AMY GOODMAN: We move on to Libya.
We’re going to go right now to Alan Kuperman, professor at the University of Texas, Austin, author of the book The Limits of Humanitarian Intervention and co-editor of Gambling on Humanitarian Intervention.
Your response to this latest news, the killing of Gaddafi’s son and his three grandchildren?
ALAN KUPERMAN: Obviously, tragic, but it’s not good for international politics. It’s not good for resolving this conflict. You know, the first thing I thought of when NATO said that, well, this is a legitimate target, is I thought, well, how would President Obama feel if some country which didn’t like the way he was waging war, if they had decided, "Well, the White House is a legitimate target, he’s the commander-in-chief," and they bomb the White House? And let’s say they killed his wife, or they killed one or both of his daughters. Would President Obama say, "Well, that’s a legitimate target"? I don’t think so.
So, this war in Libya is really starting to get out of hand. The U.N. resolution authorized action to protect civilians, and it seems that more civilians are dying as the result of the intervention than would have died without intervention, first of all, and that there’s this mission creep. How is hitting a residential compound and killing the children of the leader of Libya—how is that protecting civilians? It also undermines international norms. I mean, there’s norms. You don’t go after the children of leaders and the grandchildren of leaders. And if you hit them by mistake, you should say it’s a mistake and apologize. So, I mean, I think this is a violation of norms and counterproductive for the goal of protecting noncombatants.
AMY GOODMAN: You have written, Alan Kuperman, that the U.S. and NATO have attacked Libya under false pretenses. Can you explain?
ALAN KUPERMAN: Well, the argument that was made by the President in his address to the nation is that he supported intervention and NATO intervened because there was going to be a bloodbath. In that speech, he talked about, quote-unquote, "preventing genocide," and that that’s the kind of mission that justifies U.S. and NATO military action. But the reality is that there was no genocide underway, and there was no genocide threatening. What was happening is that a very, very weak rebel force had attacked his government, and his government had very quickly driven back the rebel force to one last city and was about to defeat the rebels in that city. And because the rebels didn’t want to be defeated, they concocted this notion that, "Oh, there’s going to be a genocide," and they announced that there would be a bloodbath unless there were intervention. And then President Obama, a few days later, said that he was intervening to stop a bloodbath.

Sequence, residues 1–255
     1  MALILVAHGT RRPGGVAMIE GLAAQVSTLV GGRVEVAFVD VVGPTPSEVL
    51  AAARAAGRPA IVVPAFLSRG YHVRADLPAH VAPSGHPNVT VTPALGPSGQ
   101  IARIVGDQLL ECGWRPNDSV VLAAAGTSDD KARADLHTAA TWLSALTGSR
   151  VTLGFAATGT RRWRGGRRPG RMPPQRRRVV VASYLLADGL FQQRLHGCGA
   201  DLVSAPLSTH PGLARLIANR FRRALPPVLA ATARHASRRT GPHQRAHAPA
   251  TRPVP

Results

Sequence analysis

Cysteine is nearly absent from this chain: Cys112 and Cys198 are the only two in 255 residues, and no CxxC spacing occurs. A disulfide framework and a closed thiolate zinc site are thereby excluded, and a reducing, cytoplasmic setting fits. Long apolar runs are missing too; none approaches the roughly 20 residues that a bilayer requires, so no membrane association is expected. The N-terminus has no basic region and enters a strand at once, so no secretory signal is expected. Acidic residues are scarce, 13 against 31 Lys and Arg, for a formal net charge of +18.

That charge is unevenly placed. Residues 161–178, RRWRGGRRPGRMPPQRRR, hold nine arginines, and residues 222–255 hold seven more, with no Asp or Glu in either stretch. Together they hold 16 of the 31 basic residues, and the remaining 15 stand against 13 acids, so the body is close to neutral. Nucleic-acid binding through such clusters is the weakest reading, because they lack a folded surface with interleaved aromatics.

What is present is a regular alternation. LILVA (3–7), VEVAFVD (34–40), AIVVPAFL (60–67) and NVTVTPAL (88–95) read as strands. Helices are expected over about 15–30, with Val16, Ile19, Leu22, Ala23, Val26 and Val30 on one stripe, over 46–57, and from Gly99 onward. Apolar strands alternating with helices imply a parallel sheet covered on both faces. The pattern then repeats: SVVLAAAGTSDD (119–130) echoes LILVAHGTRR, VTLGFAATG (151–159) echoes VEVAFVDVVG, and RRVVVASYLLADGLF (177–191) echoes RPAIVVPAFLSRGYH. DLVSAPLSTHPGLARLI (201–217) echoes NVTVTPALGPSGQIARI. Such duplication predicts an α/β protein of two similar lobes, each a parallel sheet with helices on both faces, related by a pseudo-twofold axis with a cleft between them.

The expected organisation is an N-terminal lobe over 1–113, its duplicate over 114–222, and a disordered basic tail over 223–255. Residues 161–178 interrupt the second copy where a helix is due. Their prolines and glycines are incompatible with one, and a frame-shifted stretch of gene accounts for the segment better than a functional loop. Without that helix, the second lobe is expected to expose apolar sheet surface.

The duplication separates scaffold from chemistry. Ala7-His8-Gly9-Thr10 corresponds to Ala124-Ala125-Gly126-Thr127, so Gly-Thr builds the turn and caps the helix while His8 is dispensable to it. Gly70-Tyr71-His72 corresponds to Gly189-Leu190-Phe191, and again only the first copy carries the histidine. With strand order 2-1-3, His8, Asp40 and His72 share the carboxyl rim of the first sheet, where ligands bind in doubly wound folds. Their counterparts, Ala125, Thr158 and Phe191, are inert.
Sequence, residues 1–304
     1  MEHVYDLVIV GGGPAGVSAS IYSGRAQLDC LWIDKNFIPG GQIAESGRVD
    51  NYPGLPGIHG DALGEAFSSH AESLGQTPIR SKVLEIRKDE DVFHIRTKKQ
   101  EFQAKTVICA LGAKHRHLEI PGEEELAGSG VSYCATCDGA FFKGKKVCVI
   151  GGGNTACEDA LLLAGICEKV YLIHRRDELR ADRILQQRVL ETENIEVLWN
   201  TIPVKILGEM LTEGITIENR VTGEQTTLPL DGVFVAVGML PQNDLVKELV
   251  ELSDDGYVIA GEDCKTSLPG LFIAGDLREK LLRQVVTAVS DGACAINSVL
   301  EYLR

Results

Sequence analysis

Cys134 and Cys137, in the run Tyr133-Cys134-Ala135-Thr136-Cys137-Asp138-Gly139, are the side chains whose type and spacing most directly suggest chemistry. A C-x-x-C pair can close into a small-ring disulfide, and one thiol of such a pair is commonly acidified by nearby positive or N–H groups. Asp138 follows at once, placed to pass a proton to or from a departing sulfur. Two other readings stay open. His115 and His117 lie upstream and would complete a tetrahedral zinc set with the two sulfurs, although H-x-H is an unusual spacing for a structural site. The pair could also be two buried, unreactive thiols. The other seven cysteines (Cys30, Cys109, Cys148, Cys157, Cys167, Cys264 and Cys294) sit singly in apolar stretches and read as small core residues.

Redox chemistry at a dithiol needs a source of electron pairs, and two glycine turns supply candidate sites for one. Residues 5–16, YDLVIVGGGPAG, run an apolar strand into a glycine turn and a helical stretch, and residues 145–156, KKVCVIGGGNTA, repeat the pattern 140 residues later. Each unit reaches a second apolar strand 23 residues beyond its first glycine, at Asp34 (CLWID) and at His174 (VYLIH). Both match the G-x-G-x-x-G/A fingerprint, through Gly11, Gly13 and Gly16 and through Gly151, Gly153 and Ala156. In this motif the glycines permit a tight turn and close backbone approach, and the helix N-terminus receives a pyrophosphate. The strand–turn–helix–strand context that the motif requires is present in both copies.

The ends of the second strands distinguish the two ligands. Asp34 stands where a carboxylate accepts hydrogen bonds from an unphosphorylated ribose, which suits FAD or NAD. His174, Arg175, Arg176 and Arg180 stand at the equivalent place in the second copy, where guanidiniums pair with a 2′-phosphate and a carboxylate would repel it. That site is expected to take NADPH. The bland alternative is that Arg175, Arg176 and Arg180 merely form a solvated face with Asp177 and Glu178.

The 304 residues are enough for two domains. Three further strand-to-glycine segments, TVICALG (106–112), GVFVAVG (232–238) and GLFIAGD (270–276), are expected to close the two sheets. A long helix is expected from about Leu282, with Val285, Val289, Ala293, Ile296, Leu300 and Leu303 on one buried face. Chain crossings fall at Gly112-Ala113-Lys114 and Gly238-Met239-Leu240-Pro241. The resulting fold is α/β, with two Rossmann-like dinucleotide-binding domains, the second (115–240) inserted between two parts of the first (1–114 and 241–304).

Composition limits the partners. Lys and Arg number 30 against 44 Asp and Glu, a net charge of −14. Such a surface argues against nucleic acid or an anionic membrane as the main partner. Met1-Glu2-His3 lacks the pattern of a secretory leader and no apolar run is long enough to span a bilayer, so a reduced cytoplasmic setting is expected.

And so, the only question for me is, did the rebels trick President Obama into believing there would be a bloodbath, or did President—was President Obama essentially in on the trick and declared that there was going to be a bloodbath when he knew that there would not be, because he wanted to intervene for other reasons? And those reasons might have been that he just wanted to overthrow Gaddafi for other reasons or that he thought that by helping the rebels, he would give some momentum to the Arab Spring that was underway elsewhere. But the bottom line is that there was no bloodbath. Gaddafi was targeting mainly rebels. This comes out of the—this is, you know, proved by the data that comes from Human Rights Watch, which showed that in the main city under siege in the center of the country, Misurata, of the people wounded there, only three percent were women. So, if Gaddafi were really just indiscriminately targeting residential buildings, apartment buildings and so forth—
AMY GOODMAN: We have five seconds.
ALAN KUPERMAN:—you would think that the percentage of casualties would be about 50 percent women, but it was only three percent women. So it clearly wasn’t a genocide, and he’s fighting rebels.
AMY GOODMAN: We’re going to have to leave it there. Professor Alan Kuperman, thanks for joining us.